On a bit of a tangent…if you’ve been wondering to yourself, “Stephen, don’t your shoes and socks get wet tromping around the snow all day?” I answer you…why yes, indeed they do. In fact, a hiker at one point on my journey shared this referencing the last time our feet were dry in the Sierra…

Rose from Titanic knows. So, to do my best at keeping my socks dry, I run a constant rotation drying on my pack. Here’s my pack while we ate lunch up on the ridge.

Afterwards, after being rejuvenated with food and water, we considered our options. One idea brought up was to stay the night on this exposed ridge, to try in the morning when the snow would be hard again and not soft and slippery. Nobody was too keen on that idea though. So, we hauled on our packs and walked back up the way we’d come to try and see a way we might’ve missed.

It seemed some folks ahead us were going the high avalanche risk way, which we weren’t at all excited about either, especially with it being late in the sunshine at this point.

After about 2.5 hours of being stalled out, Kool-Aid walked his way out onto the slope pictures above. We didn’t see any evidence of other hikers having taken it yet. Slowly, we realized it seemed doable and a good option. I followed. Then, the others as well. Midway out, Kool-Aid took the opportunity to introduce us to true glissading (basically sledding on our butts)! Us non-experienced snow hikers were pretty scared of this idea, zooming down a mountain at a high rate of speed…or at least I was. But, seeing Kool-Aid make his track and moving slow with the ice axe as a brake, we followed our brave leader!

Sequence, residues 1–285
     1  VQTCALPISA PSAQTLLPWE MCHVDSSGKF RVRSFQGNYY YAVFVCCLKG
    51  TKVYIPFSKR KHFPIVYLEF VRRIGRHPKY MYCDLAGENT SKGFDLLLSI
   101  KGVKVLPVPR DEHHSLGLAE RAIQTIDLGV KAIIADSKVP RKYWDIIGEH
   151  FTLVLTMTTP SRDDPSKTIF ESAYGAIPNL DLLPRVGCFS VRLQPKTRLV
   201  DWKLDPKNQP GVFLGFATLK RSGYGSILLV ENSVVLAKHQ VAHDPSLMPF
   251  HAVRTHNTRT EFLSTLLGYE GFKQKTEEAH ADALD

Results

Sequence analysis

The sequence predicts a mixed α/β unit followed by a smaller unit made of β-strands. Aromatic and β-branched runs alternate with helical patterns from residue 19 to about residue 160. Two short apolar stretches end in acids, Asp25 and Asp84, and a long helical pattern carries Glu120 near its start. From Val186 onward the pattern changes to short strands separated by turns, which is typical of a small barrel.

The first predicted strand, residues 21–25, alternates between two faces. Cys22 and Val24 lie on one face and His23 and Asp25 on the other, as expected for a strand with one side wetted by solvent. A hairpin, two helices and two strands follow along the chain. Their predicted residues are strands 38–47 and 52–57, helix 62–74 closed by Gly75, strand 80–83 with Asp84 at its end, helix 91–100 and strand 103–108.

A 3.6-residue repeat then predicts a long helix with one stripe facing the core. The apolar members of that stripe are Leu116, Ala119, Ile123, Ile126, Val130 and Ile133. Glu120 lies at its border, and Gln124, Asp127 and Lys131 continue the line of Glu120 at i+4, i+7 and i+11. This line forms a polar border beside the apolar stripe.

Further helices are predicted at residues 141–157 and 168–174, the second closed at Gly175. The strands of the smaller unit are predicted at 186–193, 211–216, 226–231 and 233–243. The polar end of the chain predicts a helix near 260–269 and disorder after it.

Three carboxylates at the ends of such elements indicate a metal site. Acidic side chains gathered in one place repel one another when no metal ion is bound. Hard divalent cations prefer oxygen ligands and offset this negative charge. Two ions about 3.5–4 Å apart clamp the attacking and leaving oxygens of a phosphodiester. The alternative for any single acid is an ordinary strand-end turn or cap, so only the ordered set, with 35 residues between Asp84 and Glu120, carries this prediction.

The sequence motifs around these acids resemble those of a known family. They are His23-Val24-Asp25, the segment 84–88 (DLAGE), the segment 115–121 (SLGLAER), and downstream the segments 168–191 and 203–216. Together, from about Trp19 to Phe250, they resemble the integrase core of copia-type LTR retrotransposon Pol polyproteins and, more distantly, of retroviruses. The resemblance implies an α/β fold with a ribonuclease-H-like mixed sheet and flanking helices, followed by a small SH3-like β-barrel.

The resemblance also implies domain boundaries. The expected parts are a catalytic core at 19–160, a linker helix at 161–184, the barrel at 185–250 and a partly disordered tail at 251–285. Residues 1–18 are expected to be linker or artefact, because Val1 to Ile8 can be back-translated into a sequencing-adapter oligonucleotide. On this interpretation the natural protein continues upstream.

From then then on, if there was a safe possibility for glissading down, we were doing it! What a blast! We continued down completing a series of 4 or 5 glissades and by the end our mood had gone from sad and downtrodden to ecstatic, bubbling with laughter and joy at the thought of the ride we’d just taken! We regrouped and filled up with water at this creek.Then, after crossing over the snow bridge, we looked for the trail. We found that we were only a couple hundred feet off of it somehow! So basically, we created a new way off Forrester that was super quick and easy and fun. While waiting, we heard the hoots and hollers of our Canadian friends following our path down the mountain.We went just a bit further then had a nice break. Snickers took full advantage…We spent the rest of the day, trudging down the valley following along a beautiful river.

It was a long exhausting day and we didn’t reach our goal of camping in Vidette Meadow. Instead, we camped about 3 miles short of it in a nice snow-free patch adjacent to the river. The canyon was pretty narrow here with steep tall mountains on each side. A cool spot. Dad and I took the river front property…We had a lovely evening, but short since we were all tired. The frogs game was brought out and I believe Cheer was champ once again…girls got skills. For a rookie, Daniel held his own as well. A truly great day and with memories we’ll look back on with and smile 😊

2 thoughts on “Day 68 (June 14): Mile 775.5 – 785.7